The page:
I have always found this reminder of death in the midst of life helpful. It’s a proverbial wake-up call each time, that whatever is on my mind or burdening me at the moment is fleeting and that there is real suffering all around me.

I love our church’s Easter tradition of carrying lilies down the center aisle in memory of loved ones who have passed away the previous year. The preschooler carried one this year, in memory of my grandfather who died on Christmas Eve. The plant swayed as she walked, but she made it safely to the altar.

As the lilies pile up in the front, filling up the absence left when the altar is stripped at the end of the Good Friday service, our congregation stands and sings “Christ the Lord Is Risen Today.” I can never sing the song, of course, because as I watch my friends carrying down lilies–or those years I’ve carried them down myself–I think of all the loss we’ve experienced as a community. I think of all the meals we’ve delivered. All the prayers we’ve prayed.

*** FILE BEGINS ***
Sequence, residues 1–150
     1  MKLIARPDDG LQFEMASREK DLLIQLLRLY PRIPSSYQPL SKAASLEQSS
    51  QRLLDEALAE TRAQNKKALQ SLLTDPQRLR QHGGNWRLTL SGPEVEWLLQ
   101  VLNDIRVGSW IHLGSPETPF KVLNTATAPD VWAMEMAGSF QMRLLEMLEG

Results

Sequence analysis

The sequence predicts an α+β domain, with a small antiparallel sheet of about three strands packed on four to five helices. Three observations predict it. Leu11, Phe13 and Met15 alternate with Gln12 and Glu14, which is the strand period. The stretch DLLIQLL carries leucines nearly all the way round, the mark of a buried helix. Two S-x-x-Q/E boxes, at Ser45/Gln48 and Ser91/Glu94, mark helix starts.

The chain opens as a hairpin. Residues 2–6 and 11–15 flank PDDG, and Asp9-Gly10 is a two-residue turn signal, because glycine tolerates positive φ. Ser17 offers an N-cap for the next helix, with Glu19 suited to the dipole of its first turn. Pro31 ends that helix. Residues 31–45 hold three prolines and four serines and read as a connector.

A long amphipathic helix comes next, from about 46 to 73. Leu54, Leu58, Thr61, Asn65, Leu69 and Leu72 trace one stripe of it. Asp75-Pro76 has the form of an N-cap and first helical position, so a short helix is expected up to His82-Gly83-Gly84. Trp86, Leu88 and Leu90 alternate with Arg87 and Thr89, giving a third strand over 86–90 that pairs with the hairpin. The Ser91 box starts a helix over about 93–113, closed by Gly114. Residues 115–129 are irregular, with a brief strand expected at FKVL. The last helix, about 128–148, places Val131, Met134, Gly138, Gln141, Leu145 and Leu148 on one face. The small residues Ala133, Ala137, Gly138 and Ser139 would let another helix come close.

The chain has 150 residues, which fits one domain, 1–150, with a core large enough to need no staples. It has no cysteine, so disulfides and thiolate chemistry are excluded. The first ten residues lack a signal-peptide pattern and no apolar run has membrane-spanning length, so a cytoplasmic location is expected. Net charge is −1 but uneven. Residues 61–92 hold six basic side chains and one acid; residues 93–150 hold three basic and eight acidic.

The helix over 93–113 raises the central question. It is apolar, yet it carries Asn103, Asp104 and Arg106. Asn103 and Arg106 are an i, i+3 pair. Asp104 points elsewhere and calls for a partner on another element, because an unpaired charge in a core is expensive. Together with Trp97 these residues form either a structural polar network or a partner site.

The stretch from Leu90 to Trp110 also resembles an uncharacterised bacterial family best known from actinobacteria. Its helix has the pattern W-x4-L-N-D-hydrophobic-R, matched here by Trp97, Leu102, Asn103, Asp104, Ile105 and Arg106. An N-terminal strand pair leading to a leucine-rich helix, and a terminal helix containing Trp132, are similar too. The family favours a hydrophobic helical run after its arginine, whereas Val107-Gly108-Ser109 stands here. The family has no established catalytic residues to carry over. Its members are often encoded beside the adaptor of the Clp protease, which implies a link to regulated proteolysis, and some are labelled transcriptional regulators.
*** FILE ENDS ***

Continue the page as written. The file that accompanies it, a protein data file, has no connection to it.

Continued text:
My throat catches, and I don’t sing. Our loved ones die, and we feel so much pain.

The lyrics to many of the great Easter hymns, including “Christ the Lord Is Risen Today,” have a line or two echoing the sentiment of 1 Corinthians 15:55: “O death, where is thy sting? O grave, where is thy victory?” (sometimes the King James Version just says it best).

I counted at least three references to that verse in the songs we sang Sunday morning. And, I’ll confess, it kind of annoyed me each time.

A friend of mine who lives many states away texted me an update about her dad, who is having significant health problems and was in ICU. She was travelling back from visiting with him, and she concluded with, “I’m exhausted and sad. But He is risen, so there’s that.”